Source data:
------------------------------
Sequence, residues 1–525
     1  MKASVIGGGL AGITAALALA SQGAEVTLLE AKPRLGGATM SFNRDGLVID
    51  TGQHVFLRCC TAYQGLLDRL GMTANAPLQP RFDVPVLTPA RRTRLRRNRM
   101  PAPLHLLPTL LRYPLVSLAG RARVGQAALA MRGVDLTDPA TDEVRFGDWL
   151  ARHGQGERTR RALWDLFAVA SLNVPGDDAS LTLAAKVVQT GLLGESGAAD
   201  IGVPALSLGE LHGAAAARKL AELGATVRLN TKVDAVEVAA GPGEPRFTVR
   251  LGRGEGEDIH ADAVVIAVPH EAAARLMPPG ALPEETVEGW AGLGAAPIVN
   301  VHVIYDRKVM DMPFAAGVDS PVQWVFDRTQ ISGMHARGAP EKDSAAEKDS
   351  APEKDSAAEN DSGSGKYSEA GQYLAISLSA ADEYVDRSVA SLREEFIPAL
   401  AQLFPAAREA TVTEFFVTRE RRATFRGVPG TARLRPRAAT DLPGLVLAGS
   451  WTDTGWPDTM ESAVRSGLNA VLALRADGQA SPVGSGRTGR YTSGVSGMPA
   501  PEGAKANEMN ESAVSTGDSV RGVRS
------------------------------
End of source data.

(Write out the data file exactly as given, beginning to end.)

Sequence, residues 1–525
     1  MKASVIGGGL AGITAALALA SQGAEVTLLE AKPRLGGATM SFNRDGLVID
    51  TGQHVFLRCC TAYQGLLDRL GMTANAPLQP RFDVPVLTPA RRTRLRRNRM
   101  PAPLHLLPTL LRYPLVSLAG RARVGQAALA MRGVDLTDPA TDEVRFGDWL
   151  ARHGQGERTR RALWDLFAVA SLNVPGDDAS LTLAAKVVQT GLLGESGAAD
   201  IGVPALSLGE LHGAAAARKL AELGATVRLN TKVDAVEVAA GPGEPRFTVR
   251  LGRGEGEDIH ADAVVIAVPH EAAARLMPPG ALPEETVEGW AGLGAAPIVN
   301  VHVIYDRKVM DMPFAAGVDS PVQWVFDRTQ ISGMHARGAP EKDSAAEKDS
   351  APEKDSAAEN DSGSGKYSEA GQYLAISLSA ADEYVDRSVA SLREEFIPAL
   401  AQLFPAAREA TVTEFFVTRE RRATFRGVPG TARLRPRAAT DLPGLVLAGS
   451  WTDTGWPDTM ESAVRSGLNA VLALRADGQA SPVGSGRTGR YTSGVSGMPA
   501  PEGAKANEMN ESAVSTGDSV RGVRS